The Israeli Settlement Movement Is Failing, The Forward
Shaul Arieli argues, “Despite decades of effort, the settlement movement in the West Bank has failed to become a deeply-rooted presence. Palestinians still make up 82 percent of the population in the West Bank (not including East Jerusalem). It remains impossible to annex the West Bank without harming the Jewish majority of the State of Israel and the Zionist vision of a democratic homeland for the Jewish people…. The obstacle to a peaceful two-state outcome is not Yaakov Katz, or the numbers. It’s the continued failure of leadership and vision by the current Israeli government.”
Nick Wadhams reports, “European allies, pressed by President Donald Trump’s administration to impose tough new sanctions on Iran for its ballistic missile program, are digging in against moves that would effectively void the 2015 nuclear deal with the Islamic Republic. ‘There is no problem that you can think of with Iran that would not be to the power of 100 worse if this was a nuclear-armed country,’ David O’Sullivan, the European Union’s ambassador to the U.S., said Monday in a meeting with editors and reporters at Bloomberg’s Washington bureau. ‘So for us, the first thing to do is to make sure this country doesn’t have nuclear weapons. That’s what the deal did and does in our view, and it is working.’”
Security forces on Monday demolished three makeshift homes in the illegal outpost of Geulat Tzion, which has been razed and rebuilt roughly a dozen times since its establishment in 2011.
EU, Arab League affirm Jerusalem must be joint capital, Times of Israel
European Union and Arab League countries insisted on Monday that Jerusalem must be the joint capital of Israel and a future Palestinian state, after US President Donald Trump announced its embassy would be moved to the city later this year.
For the first time in the telecom giant case (Case 4000), the State Prosecutor’s Office directly linked Prime Minister Benjamin Netanyahu to the bribery affair.
The number of anti-Semitic incidents in the United States spiked in 2017, according to a new report by the Anti-Defamation League.
Israeli forces detained at least 19 Palestinians during pre dawn raid on Monday, including injured teenager Muhammad Tamimi, 15, who was shot in the face by Israeli soldiers during anti-Trump protests in his village of Nabi Saleh in December.
Culture Minister Miri Regev plans to screen a video in New York’s Times Square at a cost of millions of dollars for Israel’s 70th-anniversary celebrations, with the purchase of minutes on the plaza’s huge television screens.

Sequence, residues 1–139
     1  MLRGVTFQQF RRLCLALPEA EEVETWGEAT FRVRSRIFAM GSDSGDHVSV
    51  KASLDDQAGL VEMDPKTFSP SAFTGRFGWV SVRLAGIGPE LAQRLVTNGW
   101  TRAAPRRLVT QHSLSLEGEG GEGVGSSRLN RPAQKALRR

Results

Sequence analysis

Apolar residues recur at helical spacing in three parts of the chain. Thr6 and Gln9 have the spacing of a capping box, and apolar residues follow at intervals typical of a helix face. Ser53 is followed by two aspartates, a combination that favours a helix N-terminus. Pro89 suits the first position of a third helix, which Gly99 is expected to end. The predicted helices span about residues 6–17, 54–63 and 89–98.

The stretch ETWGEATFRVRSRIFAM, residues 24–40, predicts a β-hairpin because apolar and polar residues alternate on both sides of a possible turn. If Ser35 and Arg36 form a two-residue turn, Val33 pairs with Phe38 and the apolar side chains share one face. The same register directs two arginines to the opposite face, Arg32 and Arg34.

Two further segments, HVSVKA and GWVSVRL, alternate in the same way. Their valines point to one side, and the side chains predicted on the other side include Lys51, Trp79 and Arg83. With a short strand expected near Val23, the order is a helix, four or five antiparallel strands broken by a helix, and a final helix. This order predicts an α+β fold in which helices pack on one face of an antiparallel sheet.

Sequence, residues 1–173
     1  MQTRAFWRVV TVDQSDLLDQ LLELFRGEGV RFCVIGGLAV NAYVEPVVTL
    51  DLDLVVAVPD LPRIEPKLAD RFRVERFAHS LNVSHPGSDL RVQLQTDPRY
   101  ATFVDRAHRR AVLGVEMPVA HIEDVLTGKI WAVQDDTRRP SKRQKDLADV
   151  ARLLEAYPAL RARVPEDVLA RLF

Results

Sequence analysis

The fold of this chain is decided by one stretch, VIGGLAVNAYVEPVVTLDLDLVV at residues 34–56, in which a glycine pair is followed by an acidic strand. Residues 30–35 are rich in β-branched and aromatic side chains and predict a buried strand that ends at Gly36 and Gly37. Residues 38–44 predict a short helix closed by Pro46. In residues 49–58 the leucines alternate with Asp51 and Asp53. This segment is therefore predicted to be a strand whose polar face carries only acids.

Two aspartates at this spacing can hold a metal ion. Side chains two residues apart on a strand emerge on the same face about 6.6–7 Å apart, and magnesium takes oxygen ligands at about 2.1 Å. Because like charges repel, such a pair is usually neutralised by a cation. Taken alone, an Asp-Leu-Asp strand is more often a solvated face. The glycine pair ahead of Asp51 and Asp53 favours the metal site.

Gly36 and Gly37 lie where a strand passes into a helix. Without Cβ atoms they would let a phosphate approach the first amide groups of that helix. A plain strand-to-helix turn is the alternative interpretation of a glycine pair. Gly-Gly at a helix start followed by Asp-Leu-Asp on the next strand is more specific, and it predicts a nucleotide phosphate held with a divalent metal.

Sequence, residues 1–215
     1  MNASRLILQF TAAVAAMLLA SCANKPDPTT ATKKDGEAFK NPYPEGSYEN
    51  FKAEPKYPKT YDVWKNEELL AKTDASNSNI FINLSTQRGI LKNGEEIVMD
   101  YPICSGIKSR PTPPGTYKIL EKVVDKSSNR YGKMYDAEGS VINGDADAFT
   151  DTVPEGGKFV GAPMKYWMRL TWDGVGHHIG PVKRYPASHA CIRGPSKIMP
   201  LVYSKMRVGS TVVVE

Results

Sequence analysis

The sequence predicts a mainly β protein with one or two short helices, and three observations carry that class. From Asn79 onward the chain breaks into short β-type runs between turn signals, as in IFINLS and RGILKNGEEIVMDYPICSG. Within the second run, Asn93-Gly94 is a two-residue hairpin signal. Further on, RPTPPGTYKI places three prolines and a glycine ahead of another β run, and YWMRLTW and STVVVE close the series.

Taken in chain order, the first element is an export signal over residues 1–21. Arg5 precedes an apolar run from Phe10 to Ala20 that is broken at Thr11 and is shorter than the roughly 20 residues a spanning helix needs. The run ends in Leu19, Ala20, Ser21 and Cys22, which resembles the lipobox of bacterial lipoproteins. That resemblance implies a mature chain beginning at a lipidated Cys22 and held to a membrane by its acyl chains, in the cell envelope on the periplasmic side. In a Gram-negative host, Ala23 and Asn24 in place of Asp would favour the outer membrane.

Two central suspects in the Bezeq probe, a high-profile corruption case, erased incriminating text messages from their phones, Channel 10 reported Monday.
Menachem Klein writes, “Netanyahu’s transformation into a lame duck is an unexpected gift to Abbas. The political uncertainty in Israel has made it impossible for Trump to put the blame for the mess on Abbas. Any move Netanyahu makes — peace or war, annexation or withdrawal — will be interpreted as an attempt to escape the stink of corruption that has engulfed him and would result in serious crises of legitimacy. The battle within the Likud to succeed Netanyahu, the possibility of early elections in Israel, and the time that it will take for the prime minister’s successor to build a coalition and establish working relations with the Trump administration has given Abbas breathing room.”
Yossi Beilin argues, “What if due to a long list of reasons, including the current Palestinian weakness, the split between the West Bank and Gaza, the love affair between some important Arab States and Israel, the financial crisis in the Palestinian Authority, and the aged leadership, the Palestinians agree to negotiate with Israel on the basis of Kushner’s plan? Let’s imagine for a minute that they would be ready to have a capital out of Al Kuds, ready for Israel to be in charge of security in Palestine, ready for Israel to annex a relatively big chunk of the West Bank, and ok with no Palestinian refugee being allowed into Israel. If all those things happen, the big loser will be Israel.”
Amir Tibon writes, “Just like Olmert, Netanyahu will be speaking live at AIPAC after skipping the previous year’s event (and the one before, in Netanyahu’s case). His office says the main reason for this year’s appearance is the opportunity it provides to meet with President Donald Trump during his Washington visit as well. However, some experts believe the Washington visit – with a warmly received speech in front of thousands of pro-Israel Jewish Americans – might help Netanyahu change the news agenda in Israel from that of corruption probes to foreign policy.”
How Benjamin Netanyahu enables anti-Semitism, The Washington Post
Joshua Shanes argues, “Indeed, Netanyahu is not merely applying anti-Semitic stereotypes to the Jewish left. He is embracing those stereotypes to read the left out of the Jewish community. Hence his willingness to cut political ties with left-wing Jews in the United States in favor of evangelicals and other right-wing Christian allies. He can make common cause with Bannon or Hungarian Prime Minister Viktor Orban because their enemy is his enemy: liberals and Muslims. If Netanyahu’s left-wing Jewish critics are no longer seen as Jewish but rather as enemies of the Jewish people, then attacking Soros through a hooknosed caricature is not anti-Semitic. Through this intellectual sleight-of-hand, people who might otherwise be seen as anti-Semites now become friends of Israel, while his anti-Semitic attacks become legitimate criticism of Israel’s enemies.”